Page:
Consumer 8K TVs have yet to take off despite being around for several years now. Cost and the lack of native 8K content have stifled the adoption, despite the efforts of TV makers. Sharp, which was the first manufacturer to show off an 8K TV back in 2013, launched its Aquos The Scene 8K TV (DW1X series) earlier this year. And after spending several weeks with the Sharp, I believe it's still too early to get an 8K TV. Despite some progress on the content front, it's just not worth it except maybe for bragging rights.
- 8K resolution with HDR10
- 2x HDMI 2.0 ports, 2x HDMI 2.1 ports
- Comes in 60″ and 70″ (tested) sizes
- Android TV platform with Google Assistant and Chromecast built-in
Unlike earlier models, the DW1X supports 8K videos from YouTube. However, these videos tend to focus on nature or cityscapes. And while 8K videos have that touch of verisimilitude that enhance the realism of the scene, there are only so many I can watch before I get bored. In addition, the streaming nature of YouTube means that the video quality fluctuates with your internet connection. You can expect the occasional dropped frames, as well as the resolution switching between 4K and 8K from one moment to another. Alternatively, you can create your own 8K content (many new phones can shoot 8K videos) and play them from a USB drive plugged into the TV. Like other 8K TVs, the DW1X will also upscale lower-resolution content to 8K. However, the 4K Netflix videos I tested have a certain softness in the images that you won't find in native 8K videos.
Aside from its 8K resolution, the DW1X is above average for an LED TV when it comes to picture quality. There's barely any banding or dirty screen effect when viewing scenes with uniform colours like a clear blue sky. I also liked the display's anti-glare finish that significantly reduces reflections and makes blacks look darker. HDR videos have that extra visual pop, though the specular highlights are not as bright as some LED TVs. However, the Sharp only supports the HDR10 standard, not HDR10+ or Dolby Vision. There is also blooming from the TV backlight, especially during opening or closing credit scenes. But it isn't that noticeable outside of these scenes. There is some colour shift when viewing from the sides due to the TV's VA panel. This is somewhat mitigated by its 70-inch size. Hence, viewers are likely to be watching the TV directly and not from the sides.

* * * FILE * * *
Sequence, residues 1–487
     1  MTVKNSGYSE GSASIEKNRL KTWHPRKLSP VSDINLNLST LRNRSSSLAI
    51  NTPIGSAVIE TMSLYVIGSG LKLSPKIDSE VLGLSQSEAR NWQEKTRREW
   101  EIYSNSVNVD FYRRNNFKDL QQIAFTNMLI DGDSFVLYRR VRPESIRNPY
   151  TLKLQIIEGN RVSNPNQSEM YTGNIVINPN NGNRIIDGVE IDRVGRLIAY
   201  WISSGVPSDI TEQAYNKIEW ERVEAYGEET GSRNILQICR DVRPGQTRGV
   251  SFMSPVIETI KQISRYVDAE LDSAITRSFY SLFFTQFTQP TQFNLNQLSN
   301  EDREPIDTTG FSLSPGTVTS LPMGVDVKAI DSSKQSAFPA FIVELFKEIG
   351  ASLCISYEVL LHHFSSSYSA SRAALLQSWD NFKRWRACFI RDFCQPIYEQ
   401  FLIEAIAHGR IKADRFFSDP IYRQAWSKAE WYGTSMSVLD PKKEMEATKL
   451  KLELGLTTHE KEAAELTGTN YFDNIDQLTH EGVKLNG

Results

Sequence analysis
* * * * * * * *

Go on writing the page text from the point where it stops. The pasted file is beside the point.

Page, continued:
My 70-inch review set has a large table-top stand that takes up quite a bit of space. The TV is rather chunky at the back and runs fairly warm. There are four HDMI ports, two of which support the newer HDMI 2.1 standard. The built-in speakers pack a wallop, though the sound does get muddy at higher volumes. A good soundbar like the Sonos Beam is still recommended. I liked that Sharp has a full complement of buttons at the side to control the TV if the remote control dies or runs out of battery. This remote control supports voice commands via Google Assistant. More importantly, the DW1X runs Android TV, which has the widest range of apps, especially for streaming video. From Apple TV to Viu, you can find it on the Google Play Store. The interface itself feels reasonably snappy, thanks to a quad-core MediaTek chip.
At S$7,499 for the 70-inch model (and S$5,999 for the 60-inch), the Sharp Aquos The Scene 8K TV is not cheap. But that's the going price for an 8K model, though you can probably negotiate it down slightly at the store. But the crux of the matter is that you're paying a premium for 8K despite the relative lack of native content. I don't see video streaming providers upping to 8K anytime soon, though analysts are more optimistic. And while the Sharp is a very good TV, you can get better visuals (if not resolution) for less with a 65-inch 4K OLED TV like the ones from LG or Sony. But if you are dead set on an 8K TV, pick the larger 70-inch version if you can to fully experience the higher resolution. You can get it on Amazon, Lazada and Shopee.
Note: Review unit provided by Sharp.
Any purchase you make through our links may generate a commission. It supports our work, but does not dictate our editorial reviews. See our FAQ here.